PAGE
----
What followed was an average Peckham Coal Line Porter from Brick, an undrinkable acrid Entire from Cronx, which I traded for limp but inoffensive Oatmeal Stout from Hop Stuff and ended with a tepid ok-ish Red Ale by Bexley. Now temperature isn’t as big an issue with cask beer as keg, but my feeling was all the beers could have been a shade cooler.

What bugged me the most was the beers in the main lacked vibrancy and vitality. Real ale is a living beverage, and the best stuff expresses charm, character and most importantly it has to make me want another sip. Most of the beers I tasted failed to do that.

Now I know I may be harder to please, but seems the organisers fell victim to first beer fest folly; not ordering enough beer. Of course, they didn’t want to lose money so playing it safe seemed to make sense but with so many beers off for such a short festival. Disappointing.

I got chatting to some other punters and they seemed to be enjoying themselves. The lack of beers didn’t appear to be a problem though they weren’t ooing and ahhing over anything either.

Screen Shot 2015-10-19 at 18.18.00Speaking to one of the organisers he admitted they could have done better, but overall the event was a huge success with plans already in the works for more events next year.

The bottle/can bar had some good stuff and was doing a decent trade, but I had come for the cask and as another beer ran out I decided to call time. A good thing too because as I later found out they had run dry by 7pm. Three hours before the fest ended!

Screen Shot 2015-10-19 at 18.28.06Luckily BRGR & Beer @ Matthew’s Yard were hosting Fourpure and Gypsy Hill pop-up stylee to celebrate CCBF. It’s an idea they should consider making a permanent fixture. There’s plenty of space and how cool would it be for a rotating residency of London’s best and brightest brewers supporting the solid line of bottles by BRGR & Beer?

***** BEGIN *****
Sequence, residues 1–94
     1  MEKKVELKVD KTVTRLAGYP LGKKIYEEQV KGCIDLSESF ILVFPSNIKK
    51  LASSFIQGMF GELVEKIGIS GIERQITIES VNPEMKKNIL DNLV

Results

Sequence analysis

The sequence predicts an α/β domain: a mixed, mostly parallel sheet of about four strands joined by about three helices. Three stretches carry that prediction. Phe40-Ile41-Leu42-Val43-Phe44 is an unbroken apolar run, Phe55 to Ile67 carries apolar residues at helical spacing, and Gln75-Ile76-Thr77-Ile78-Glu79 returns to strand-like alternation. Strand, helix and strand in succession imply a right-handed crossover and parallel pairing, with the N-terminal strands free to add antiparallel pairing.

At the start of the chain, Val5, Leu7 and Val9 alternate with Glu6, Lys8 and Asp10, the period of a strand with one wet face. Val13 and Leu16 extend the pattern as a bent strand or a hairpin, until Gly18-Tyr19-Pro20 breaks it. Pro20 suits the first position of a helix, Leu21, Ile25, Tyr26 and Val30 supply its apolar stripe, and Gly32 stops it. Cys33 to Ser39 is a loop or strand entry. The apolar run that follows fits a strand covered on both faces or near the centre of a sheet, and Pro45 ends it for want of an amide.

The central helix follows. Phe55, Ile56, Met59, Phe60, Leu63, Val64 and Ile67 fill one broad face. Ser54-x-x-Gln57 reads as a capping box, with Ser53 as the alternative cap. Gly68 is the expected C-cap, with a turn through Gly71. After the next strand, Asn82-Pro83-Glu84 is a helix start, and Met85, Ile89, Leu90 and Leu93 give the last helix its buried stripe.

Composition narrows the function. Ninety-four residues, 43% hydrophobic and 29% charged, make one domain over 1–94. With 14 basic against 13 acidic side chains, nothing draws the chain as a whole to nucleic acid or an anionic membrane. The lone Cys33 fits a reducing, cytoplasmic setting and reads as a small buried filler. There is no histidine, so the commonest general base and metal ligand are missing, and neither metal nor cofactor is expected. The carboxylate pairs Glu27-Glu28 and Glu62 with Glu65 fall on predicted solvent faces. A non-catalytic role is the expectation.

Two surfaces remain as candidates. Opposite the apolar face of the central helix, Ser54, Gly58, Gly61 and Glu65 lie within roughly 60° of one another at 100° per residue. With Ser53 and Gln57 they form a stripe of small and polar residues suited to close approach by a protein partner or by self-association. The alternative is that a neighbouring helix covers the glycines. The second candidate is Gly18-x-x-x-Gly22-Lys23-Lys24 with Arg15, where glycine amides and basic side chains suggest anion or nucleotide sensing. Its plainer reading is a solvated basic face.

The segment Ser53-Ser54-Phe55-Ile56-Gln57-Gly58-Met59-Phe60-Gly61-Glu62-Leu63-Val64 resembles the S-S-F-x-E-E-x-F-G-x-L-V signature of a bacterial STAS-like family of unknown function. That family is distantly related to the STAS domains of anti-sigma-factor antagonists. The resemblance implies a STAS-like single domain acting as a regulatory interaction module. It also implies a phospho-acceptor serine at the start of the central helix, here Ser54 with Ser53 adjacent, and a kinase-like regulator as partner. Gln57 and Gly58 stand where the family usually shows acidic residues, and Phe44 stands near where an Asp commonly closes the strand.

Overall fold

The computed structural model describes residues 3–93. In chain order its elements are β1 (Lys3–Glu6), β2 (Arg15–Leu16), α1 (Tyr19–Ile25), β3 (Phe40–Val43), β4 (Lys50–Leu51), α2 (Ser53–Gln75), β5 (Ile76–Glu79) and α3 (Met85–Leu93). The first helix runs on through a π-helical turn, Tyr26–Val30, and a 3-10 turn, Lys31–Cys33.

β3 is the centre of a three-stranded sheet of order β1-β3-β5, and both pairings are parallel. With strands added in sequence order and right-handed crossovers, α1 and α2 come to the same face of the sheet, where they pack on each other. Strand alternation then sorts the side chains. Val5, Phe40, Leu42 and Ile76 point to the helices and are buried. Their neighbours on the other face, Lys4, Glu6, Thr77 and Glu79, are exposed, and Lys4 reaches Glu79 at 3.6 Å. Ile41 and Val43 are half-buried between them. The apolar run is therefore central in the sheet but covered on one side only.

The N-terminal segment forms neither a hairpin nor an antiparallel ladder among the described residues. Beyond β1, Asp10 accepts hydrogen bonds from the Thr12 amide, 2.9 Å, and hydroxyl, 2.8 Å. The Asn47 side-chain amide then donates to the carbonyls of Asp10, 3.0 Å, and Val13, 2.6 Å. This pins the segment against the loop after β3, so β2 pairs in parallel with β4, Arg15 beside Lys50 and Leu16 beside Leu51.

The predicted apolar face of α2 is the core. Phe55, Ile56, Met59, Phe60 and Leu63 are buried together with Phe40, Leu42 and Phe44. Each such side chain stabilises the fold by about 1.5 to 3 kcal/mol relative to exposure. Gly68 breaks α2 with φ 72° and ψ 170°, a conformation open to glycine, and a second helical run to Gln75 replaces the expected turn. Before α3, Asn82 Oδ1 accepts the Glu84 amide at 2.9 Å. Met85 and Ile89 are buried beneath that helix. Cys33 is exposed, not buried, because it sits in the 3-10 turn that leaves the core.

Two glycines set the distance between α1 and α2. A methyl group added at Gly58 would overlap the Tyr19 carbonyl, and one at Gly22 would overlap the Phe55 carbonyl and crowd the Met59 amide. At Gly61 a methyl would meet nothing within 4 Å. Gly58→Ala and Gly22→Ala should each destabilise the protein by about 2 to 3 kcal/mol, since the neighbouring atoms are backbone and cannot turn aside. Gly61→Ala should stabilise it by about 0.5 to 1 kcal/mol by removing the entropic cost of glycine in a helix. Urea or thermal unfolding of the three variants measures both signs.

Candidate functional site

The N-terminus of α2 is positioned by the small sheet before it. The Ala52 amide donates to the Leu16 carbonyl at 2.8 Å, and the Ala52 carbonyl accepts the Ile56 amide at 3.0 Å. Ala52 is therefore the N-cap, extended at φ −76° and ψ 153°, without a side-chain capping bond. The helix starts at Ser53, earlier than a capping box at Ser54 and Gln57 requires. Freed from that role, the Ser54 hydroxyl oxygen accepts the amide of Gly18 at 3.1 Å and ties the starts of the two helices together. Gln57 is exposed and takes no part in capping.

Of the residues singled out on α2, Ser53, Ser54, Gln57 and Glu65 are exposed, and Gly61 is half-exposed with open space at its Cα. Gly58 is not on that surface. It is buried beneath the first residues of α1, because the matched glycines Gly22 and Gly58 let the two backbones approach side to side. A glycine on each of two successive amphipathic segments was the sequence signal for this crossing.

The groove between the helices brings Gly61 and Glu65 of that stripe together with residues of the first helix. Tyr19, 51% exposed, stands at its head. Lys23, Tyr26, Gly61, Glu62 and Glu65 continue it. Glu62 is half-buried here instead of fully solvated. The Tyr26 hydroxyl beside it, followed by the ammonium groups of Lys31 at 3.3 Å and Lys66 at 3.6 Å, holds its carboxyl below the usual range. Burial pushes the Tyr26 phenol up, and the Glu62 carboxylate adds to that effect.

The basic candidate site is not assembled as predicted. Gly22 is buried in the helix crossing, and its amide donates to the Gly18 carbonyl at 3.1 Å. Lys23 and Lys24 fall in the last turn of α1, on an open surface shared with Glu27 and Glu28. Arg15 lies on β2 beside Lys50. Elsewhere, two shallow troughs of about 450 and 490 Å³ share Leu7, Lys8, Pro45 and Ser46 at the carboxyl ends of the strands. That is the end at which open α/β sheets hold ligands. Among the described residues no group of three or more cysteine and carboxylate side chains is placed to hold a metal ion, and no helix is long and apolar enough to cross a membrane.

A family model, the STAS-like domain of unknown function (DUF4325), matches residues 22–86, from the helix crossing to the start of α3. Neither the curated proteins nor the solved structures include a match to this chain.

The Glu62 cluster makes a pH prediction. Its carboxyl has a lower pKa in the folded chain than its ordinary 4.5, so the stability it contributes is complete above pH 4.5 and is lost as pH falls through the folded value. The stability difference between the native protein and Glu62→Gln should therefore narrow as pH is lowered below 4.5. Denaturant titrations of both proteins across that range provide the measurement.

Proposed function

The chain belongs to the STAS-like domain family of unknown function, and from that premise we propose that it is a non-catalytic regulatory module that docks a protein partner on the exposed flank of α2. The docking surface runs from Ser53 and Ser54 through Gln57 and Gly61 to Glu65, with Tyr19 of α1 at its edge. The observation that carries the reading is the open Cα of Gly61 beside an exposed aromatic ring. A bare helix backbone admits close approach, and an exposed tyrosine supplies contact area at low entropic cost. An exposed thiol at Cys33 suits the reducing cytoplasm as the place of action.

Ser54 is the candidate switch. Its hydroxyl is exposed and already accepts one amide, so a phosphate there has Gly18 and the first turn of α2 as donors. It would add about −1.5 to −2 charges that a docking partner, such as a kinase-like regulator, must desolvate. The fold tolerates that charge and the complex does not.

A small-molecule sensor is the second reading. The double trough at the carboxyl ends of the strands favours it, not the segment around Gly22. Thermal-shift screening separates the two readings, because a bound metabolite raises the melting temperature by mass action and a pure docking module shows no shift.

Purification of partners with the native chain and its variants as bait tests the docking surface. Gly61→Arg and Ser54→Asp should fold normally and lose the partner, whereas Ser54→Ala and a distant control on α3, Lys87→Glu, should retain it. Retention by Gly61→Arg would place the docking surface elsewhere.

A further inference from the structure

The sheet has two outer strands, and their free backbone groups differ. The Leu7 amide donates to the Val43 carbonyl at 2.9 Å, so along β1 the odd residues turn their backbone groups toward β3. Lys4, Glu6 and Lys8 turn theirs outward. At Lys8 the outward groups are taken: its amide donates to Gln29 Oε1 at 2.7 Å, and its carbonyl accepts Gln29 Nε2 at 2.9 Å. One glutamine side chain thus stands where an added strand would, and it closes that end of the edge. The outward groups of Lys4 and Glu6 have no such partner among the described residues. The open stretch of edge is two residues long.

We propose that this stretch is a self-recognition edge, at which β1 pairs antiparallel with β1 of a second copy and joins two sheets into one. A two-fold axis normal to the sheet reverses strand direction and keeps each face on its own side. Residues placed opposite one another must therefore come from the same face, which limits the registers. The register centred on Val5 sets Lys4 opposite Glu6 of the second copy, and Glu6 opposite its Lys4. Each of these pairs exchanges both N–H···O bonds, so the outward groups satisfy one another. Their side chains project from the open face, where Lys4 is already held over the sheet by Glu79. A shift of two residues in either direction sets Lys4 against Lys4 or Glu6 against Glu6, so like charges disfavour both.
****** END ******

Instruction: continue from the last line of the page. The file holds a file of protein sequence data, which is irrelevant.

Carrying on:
I had really nice chats with Neil at Fourpure (am loving their Amercian Brown) and Mike at Gypsy Hill, the latter being in my opinion the most improved brewery in London at the moment (and one of my favorites along with Beavertown).

Screen Shot 2015-10-19 at 18.18.10

In rather reserved style after halves of Fourpure’s decent Red Rye IPA and GH’s sublime Hepcat Session IPA, I called it a night.

Now if I’d been there on the opening night of Croydon’s first craft beer festival it may have been a more enjoyable experience for me.

However, I get the feeling that this experiment wasn’t geared for geeks like me. Perhaps it was more about giving the people of Croydon (& Southest London) a taste of something new. Engaging a fledgling audience of curious imbibers who had tired of the same old same old and were simply seeking better beer.

Despite running out of the aforementioned ales (a cardinal sin to some) the organisers can feel confident that they probably achieved that.